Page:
I would go to /adv/ but I don't think the people that lurk there have the information I'm seeking.
I decided about 2 years ago that my goal in life is to participate in serving the world by lending my time to renewable energies. Solar, Wind, Geothermal, Tidal, what have you.
I think this is the best way to improve the world as it is and even if, somehow, renewables are -not- the future, I still want to work in the energy sector, the wee details of how energy operates and is harnessed is endlessly fascinating to me.
1)Question: What degree path am I looking for? My first thought is EE but I don't really know. Anyone working in this area, studying for it right now?
2) Either way, are online degree courses worth anything? For the sake of actually learning useful ideas?; considered balderdash by employers?
I see it as more efficient. Yea sure, we could go into the whole save the manatees environmentalist side of it, and pollution is a real preventable thing but for me it's mostly an interest in bettering our proficiency as a civilization
Not OP but been wondering if is cold fusion at least theoretically possible, or is the science behind it on the Internet as a usual free energy device you see on the Internet.
If you're actually interested in helping the world with low cost energy, get into nuclear. There's a reason why renewables still aren't commercially viable despite trllions in subsidies.
>wants to serve humanity
>hasn't read enough books to understand that humanity is retarded and will one day commit collective suicide
Science is hard bitch, you better love what your doing more than just "Hurr durr wanna put my name in da history txtboks"
So I suppose that would involve a nuclear engineering path? Is it one of those things that no one ever talks about? All I ever hear is how well wind and solar are doing and slowly but surely nuclear is being phased out.
I admire you for having a reason beyond wanting 300k starting.
Considering your measure of success is efficiency and the advance of civilization, you really have no limits in terms of education. ChemE, EE and similar pure sciences all give you a good basic knowledge for improving our methods of collecting, transporting, utilizing and transporting energy.
I'd say one of the greatest opportunities right now is that we have no real means to store electricity on the grid. Due to the unpredictable nature of solar and wind power, energy is often lost when solar/wind generation spikes. The only real energy storage we have right now is hydroelectric pumps, and there is only so many dams you can build in the world. I doubt an engineer will be the one to develop a new reliable technology to fix that problem, as it would probably require a more fundamental approach to physics. (although engineering expertise would be required to implement that technology)
My point is that it doesn't matter all too much what you study, because everyone has a part to play.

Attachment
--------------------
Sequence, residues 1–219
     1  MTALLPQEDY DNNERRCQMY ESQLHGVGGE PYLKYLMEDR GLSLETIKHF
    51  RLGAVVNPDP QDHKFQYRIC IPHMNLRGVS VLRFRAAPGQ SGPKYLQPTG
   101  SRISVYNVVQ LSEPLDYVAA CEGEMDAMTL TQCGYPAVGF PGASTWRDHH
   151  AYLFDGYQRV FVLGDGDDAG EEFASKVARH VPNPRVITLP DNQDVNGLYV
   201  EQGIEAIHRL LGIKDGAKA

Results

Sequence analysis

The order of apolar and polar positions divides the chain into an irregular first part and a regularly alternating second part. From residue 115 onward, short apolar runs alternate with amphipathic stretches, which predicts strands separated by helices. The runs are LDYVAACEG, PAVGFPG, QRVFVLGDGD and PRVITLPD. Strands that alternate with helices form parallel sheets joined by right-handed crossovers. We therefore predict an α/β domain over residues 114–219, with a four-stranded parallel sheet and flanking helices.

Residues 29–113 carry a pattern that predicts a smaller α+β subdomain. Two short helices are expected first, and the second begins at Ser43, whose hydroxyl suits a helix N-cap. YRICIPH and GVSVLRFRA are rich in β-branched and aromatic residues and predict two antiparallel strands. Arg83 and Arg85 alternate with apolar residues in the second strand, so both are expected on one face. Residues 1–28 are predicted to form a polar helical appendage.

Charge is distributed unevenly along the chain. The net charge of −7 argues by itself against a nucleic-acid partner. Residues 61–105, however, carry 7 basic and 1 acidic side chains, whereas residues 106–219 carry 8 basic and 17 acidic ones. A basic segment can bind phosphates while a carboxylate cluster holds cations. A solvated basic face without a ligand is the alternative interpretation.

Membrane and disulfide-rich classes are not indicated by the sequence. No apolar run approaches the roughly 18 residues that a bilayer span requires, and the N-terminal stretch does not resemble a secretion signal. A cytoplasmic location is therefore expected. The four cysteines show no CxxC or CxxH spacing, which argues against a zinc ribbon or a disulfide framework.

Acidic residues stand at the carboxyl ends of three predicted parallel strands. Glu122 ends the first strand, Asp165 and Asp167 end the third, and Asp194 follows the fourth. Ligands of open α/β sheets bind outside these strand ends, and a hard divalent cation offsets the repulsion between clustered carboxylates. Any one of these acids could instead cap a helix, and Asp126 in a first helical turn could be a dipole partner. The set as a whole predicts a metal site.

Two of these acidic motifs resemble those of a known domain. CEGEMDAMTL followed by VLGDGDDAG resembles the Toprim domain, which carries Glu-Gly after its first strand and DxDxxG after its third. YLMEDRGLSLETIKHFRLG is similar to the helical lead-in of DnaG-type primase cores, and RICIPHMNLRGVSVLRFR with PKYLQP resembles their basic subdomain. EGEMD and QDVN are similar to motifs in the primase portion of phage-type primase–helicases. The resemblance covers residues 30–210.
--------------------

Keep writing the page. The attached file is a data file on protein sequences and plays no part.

Thanks, I take that as a compliment. Frankly making good money is a plus. I do have intentions that require money but for me, having worked several industries I don't believe in, I've concluded that participating in a greater purpose that I can be constantly engaged in is very important to me.
Anyone can conclude that humanity is doomed, but that doesn't mean we should all lay down and die, and as long as we're opting for the continuation of our species, we should make our existence as prosperous as possible.
>serving the world
Everyone in the renewable energy is a filthy socialist leech
All "renewable" industies are created by government mandates at the expense of actual productive behavior.
Care to expand on this?
One thing I don't understand is the economics of renewables. So you're saying all wind farms and solar arrays are gov. funded and are not true businesses, using maybe coal fired power plants as a comparable business.
There's the Widom-Larsen theory, which describes how an electron and proton could combine into a neutron like entity to pass through the coulomb barrier.
There's muon catalyzed fusion, which takes advantage of the extra mass of muons compared to electrons. Since muons are more massive, their orbitals are much closer to the nucleus, allowing atoms to get close enough to fuse at low temperatures.
There's also turning hydrogen gas into Bose condensate/rydberg matter inside a metal lattice, delocalizing the hydrogen atoms, potentially allowing them to fuse.
The first two are definitely theoretically possible, and there's been plenty of lab demonstrations of muon catalyzed fusion. The drawback of muon catalyzed fusion is that
-the muons get bound up in the fusion products, being lost as a catalyst
So if you can create a more efficient muon generator, muon fusion is potentially viable.
The people who actually study electricity grids and who know how economics works have been saying it for year.
> All I ever hear is how well wind and solar are doing and slowly but surely nuclear is being phased out.
You should probably get your news from somewhere other than econews or some shit. The only place nuclear is being phased out is Germany and that's assuming Merkel survives the next election.